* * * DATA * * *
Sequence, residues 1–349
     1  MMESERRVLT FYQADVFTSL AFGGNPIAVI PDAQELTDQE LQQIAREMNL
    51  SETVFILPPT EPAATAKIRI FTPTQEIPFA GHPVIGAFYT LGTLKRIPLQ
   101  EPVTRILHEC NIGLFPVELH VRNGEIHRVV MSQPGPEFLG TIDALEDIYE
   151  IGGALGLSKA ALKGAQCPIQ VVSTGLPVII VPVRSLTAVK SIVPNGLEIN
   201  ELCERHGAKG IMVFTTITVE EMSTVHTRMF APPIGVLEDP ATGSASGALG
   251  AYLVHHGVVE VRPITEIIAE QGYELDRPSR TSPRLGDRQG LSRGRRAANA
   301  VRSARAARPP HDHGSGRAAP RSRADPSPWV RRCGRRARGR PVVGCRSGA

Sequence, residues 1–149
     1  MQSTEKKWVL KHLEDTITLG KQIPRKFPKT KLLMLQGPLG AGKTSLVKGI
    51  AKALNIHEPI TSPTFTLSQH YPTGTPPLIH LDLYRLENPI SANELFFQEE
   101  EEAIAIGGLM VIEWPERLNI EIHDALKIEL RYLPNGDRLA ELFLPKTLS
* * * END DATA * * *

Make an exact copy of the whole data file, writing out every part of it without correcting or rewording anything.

Sequence, residues 1–349
     1  MMESERRVLT FYQADVFTSL AFGGNPIAVI PDAQELTDQE LQQIAREMNL
    51  SETVFILPPT EPAATAKIRI FTPTQEIPFA GHPVIGAFYT LGTLKRIPLQ
   101  EPVTRILHEC NIGLFPVELH VRNGEIHRVV MSQPGPEFLG TIDALEDIYE
   151  IGGALGLSKA ALKGAQCPIQ VVSTGLPVII VPVRSLTAVK SIVPNGLEIN
   201  ELCERHGAKG IMVFTTITVE EMSTVHTRMF APPIGVLEDP ATGSASGALG
   251  AYLVHHGVVE VRPITEIIAE QGYELDRPSR TSPRLGDRQG LSRGRRAANA
   301  VRSARAARPP HDHGSGRAAP RSRADPSPWV RRCGRRARGR PVVGCRSGA

Sequence, residues 1–149
     1  MQSTEKKWVL KHLEDTITLG KQIPRKFPKT KLLMLQGPLG AGKTSLVKGI
    51  AKALNIHEPI TSPTFTLSQH YPTGTPPLIH LDLYRLENPI SANELFFQEE
   101  EEAIAIGGLM VIEWPERLNI EIHDALKIEL RYLPNGDRLA ELFLPKTLS